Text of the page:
Desert Dancer is a mesmerizing journey to a forbidden culture

Photo Credit: Relativity Media

Photo Credit: Relativity Media

I was pleasantly reminded of the beauty of the Iranian landscape and language as I watched the beginning scene of Desert Dancer. Peppered with hard to read subtitles, the Persian language was music to my ears. I had to lean forward and pay closer attention so I wouldn’t miss any of its subtle nuances. I hate it when I go to movies with subtitles because you always miss something, either part of the conversation or part of the action or sometimes a little of both as your eyes speed back and forth trying to catch everything. The theater was so quiet you could hear a pin drop!

This movie reminded me of Rosewater. Both true stories took place during the harsh reign of President Mahmoud Ahmadinejad during his 2009 reelection campaign against Green Party hopeful Mir-Hossein Moussavi.

The pleasantries of the past were starkly contrasted against the harsh, brutal realities of the day. The young Afshin Ghaffarian (Gabriel Senior) loved to dance. He scored some black market tapes and watched Dirty Dancing. He dances for his class in wild abandon until his teacher walks in. He is beaten for his unlawfulness and shamed. As he walks home his mother comforts him and whispers in his ear, not to stifle him but to caution him to dance where it’s safe.

I drink in the beauty of Saba School of the Arts where Afshin can be safe. The doors closed, the students and their teacher light up as if the shutting of the doors gave them life-giving breath. They are free to learn and to dance and to sing in the darkness.

Director Richard Raymond reels you in with poignant scenes. tweet

Fast forward to 2009, there is tension, you can feel it. How can it be wrong to sing and dance?  The Basij (the morality police) are everywhere. They terrorize Afshin (Reece Ritchie) and his misfit crew. I like that Reese is brave enough to start his own dance company. They must practice in secrecy, but they are careless. Will they get caught?

I love Elaheh played by Frieda Pinto! She’s enticingly beautiful with her long dark hair and seductive eyes! She overhears the group of friends talking of the dance group and burst in on their not-so-secret place. She asks if she can audition for the group then she proceeds to mesmerize as she sensually moves across the floor. She is poetry in motion, like a butterfly she moves effortlessly across the floor, her clothes billowing as if she is truly flying.

Afshin grows up and plays a very strong, yet naïve man. He supports Elaheh as she tries to kick her heroin habit. He drinks of her forbidden fruits as he shares her bed. He stands up for his friends Mona and Nasir as they are harassed by the Basij, and he is beaten for his loyalty. He plans and executes the most dangerous move … having a live performance in the desert. Oh my goodness, the most beautiful part of this movie is the live performance I call it the Hand Dance. Afshin and Elaheh shadow each other’s moves back and forth; they dance across the desert so close, yet not touching. They are one, lost in the moment ‘til they are spent. Will they be caught by the police and tortured?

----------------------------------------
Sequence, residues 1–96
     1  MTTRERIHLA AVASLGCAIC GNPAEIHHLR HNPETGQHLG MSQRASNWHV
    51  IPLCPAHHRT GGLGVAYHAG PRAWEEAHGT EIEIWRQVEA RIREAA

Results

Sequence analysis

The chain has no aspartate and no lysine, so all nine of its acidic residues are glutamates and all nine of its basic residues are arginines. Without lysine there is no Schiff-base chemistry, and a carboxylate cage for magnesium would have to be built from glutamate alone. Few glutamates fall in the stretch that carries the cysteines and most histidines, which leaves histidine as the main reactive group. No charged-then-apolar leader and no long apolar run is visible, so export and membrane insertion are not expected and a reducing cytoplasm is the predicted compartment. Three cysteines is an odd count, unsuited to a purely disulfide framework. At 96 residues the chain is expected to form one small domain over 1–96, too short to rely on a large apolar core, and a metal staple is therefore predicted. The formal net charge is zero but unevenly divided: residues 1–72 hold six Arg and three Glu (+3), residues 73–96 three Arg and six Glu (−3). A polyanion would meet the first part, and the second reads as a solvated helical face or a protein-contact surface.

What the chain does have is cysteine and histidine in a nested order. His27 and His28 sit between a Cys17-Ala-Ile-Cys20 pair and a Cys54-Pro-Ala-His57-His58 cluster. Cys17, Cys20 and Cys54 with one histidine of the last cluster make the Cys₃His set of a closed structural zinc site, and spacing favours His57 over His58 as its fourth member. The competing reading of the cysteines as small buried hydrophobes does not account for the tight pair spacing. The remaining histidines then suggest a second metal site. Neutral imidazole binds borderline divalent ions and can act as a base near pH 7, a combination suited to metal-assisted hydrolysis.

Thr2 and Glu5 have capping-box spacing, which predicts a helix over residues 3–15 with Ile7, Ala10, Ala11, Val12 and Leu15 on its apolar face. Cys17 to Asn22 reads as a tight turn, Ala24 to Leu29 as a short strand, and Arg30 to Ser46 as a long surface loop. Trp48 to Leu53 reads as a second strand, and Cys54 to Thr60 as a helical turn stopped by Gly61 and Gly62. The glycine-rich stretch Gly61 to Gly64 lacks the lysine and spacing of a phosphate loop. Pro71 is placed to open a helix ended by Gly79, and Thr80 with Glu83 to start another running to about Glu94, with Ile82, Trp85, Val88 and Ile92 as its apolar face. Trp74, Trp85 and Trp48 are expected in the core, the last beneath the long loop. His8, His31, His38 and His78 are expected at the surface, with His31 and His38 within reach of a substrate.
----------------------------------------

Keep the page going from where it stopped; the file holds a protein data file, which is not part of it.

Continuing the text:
The election comes and goes. The young people mostly college students have large rallies all over Iran protesting for their rights and the stolen victory. They are surrounded by the police and Afshin is kidnapped. The police are brutal. They openly beat men and women as they are running away. Afshin is captured and he is thrown into the back of a truck and driven away. They take everyone’s wallets. He is beaten mercilessly then a gun placed to his head. What will be his fate?

This true story is mesmerizing. Director Richard Raymond reels you in with poignant scenes like the college students attending an underground dance. Normally forbidden the men and women dance together with wild abandon, share forbidden kisses, smoke heroin and drink alcohol. Why do I think this film is amazing? Because these people, these young people, had to be so brave to take a chance at being beaten, stabbed, shot, jailed or killed simply because they wanted to have the freedom to express themselves by dancing. I truly loved getting lost in this movie. Afshin is a dancer who simply wanted to dance. He made the impossible possible by never giving up on his dream. I loved Desert Dancer and I think you will too!

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One Comment

  1. This review was very insightful. Subtitles usually leave me a bit underwhelmed, but from this review, I may have to give it another go. You really made the movie come alive in this article. Thank you.